Civil Procedures rules can be found by clicking on "Contents of Judicial Volumes" and proceeding to the Rules for District Courts and eventually to Rule 1.071.3 which reads in part:

"Thirty (30) days before the end of each fiscal year, the judges, special masters, the state and other parties in each stream adjudication court shall coordinate and set a working session for the purpose of discussing common issues among all pending stream adjudications and resource needs of each adjudication court. The judges presiding over state stream system adjudications shall invite judges and special masters presiding over federal stream system adjudications to participate."

This meeting of course must be careful not to violate the ex parte principle (private conversations not involving all parties to a legal dispute are not permissible) and this is recognized by the fact that it is in practice an annual event but approved by the State Supreme Court year by year. Obviously this meeting is intended mainly to address resource allocation matters not the specifics of the individual adjudications but one cannot help but wonder if everyone there is capable of maintaining that level of discipline. It also points out that those interested in water issues need to not only be conversant with the New Mexico Statutes related to water but also to the rules related to civil procedures and perhaps also the rules related to the specific judicial district where an action may be taken and of course the case law (prior decisions) related to the matter. It is essentially impossible for an ordinary citizen to be able to be sufficiently informed. It is easy to state the problem, but not easy to propose a solution.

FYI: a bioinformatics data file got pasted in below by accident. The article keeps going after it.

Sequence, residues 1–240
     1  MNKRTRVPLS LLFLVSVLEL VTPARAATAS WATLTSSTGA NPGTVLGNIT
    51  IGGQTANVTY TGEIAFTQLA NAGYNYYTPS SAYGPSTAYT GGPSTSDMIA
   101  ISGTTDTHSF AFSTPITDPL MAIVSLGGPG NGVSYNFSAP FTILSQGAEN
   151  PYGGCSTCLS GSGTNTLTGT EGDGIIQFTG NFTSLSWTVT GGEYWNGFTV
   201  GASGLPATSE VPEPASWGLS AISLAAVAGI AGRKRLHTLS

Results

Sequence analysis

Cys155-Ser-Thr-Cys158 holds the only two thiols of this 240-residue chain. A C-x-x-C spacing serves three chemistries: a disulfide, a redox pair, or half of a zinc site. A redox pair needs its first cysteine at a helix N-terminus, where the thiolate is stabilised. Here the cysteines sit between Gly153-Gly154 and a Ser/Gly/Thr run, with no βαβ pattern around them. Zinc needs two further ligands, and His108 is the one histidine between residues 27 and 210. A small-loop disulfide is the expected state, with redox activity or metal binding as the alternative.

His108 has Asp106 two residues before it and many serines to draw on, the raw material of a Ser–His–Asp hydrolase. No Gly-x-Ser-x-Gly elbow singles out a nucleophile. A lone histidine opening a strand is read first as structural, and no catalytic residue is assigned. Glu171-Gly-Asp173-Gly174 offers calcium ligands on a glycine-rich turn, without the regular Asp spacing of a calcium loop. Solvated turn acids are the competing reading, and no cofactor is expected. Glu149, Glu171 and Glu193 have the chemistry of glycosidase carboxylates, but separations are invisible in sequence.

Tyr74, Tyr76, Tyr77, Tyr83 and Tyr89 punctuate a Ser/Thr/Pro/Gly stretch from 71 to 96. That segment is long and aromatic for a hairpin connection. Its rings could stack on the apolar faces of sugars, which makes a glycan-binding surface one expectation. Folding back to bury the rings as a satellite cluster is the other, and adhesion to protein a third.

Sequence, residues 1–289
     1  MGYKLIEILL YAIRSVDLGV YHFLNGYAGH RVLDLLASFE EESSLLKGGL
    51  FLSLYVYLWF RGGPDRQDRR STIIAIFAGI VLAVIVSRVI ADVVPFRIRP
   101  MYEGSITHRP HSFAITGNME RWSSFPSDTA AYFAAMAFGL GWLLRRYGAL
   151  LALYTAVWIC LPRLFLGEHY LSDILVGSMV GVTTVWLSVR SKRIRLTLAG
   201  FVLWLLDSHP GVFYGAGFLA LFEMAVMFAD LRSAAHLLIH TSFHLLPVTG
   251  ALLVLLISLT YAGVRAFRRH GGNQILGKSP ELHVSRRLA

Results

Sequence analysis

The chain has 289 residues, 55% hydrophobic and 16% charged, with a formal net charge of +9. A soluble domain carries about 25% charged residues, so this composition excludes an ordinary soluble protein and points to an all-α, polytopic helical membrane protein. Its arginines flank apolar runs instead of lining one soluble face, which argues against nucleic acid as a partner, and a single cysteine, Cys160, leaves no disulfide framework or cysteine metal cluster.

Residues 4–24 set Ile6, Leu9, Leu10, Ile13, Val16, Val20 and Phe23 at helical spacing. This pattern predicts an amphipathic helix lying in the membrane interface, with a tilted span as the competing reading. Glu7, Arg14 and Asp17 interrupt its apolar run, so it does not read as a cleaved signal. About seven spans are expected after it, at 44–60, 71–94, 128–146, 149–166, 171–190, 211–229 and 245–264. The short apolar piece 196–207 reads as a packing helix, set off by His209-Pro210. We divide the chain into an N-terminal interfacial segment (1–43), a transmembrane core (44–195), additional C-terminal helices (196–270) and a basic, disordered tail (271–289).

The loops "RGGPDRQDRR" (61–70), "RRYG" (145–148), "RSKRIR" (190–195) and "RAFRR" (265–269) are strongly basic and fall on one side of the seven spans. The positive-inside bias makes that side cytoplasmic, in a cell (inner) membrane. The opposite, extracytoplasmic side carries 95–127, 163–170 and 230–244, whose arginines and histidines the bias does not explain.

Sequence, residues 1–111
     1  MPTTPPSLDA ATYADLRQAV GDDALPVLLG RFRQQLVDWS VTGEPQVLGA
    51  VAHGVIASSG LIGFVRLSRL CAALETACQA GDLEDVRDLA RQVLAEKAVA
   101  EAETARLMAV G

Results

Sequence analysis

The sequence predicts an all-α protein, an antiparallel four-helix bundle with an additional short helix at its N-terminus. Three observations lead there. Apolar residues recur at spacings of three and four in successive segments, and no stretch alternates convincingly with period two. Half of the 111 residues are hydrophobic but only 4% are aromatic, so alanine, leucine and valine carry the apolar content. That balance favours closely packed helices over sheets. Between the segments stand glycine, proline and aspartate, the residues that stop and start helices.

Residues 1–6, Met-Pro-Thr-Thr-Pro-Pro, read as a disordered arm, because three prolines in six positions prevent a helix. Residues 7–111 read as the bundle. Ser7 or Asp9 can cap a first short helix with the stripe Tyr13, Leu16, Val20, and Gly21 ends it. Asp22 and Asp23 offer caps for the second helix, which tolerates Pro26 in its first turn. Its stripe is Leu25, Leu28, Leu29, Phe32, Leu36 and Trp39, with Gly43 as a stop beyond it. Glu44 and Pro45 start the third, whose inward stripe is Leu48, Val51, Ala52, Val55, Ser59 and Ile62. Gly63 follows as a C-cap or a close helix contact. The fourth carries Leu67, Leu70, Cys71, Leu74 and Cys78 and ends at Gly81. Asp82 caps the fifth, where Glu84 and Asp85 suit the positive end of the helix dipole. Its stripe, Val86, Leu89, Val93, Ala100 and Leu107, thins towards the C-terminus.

There us also cooperation among the Western States in the form of a meeting every 18 months called the Dividing of the Waters which is a regional event mainly for judges and employees of the court who assist judges in water appropriations.

Finally, In his 2003 document Judge Valentine included quotes from U.S. Supreme Court Justice Sandra Day O'Connor and Richard A. Simms, a prominent attorney and legal expert with respect to Western States water law, which raised questions about the ongoing viability of the concept of Equitable Apportionment being achieved by the Prior Appropriation Doctrine. I asked Judge Valentine how he felt about the Doctrine of Prior Appropriation and he indicated that his belief that this is the foundation for Equitable Apportionment is even more solid than when he wrote his paper in 2003.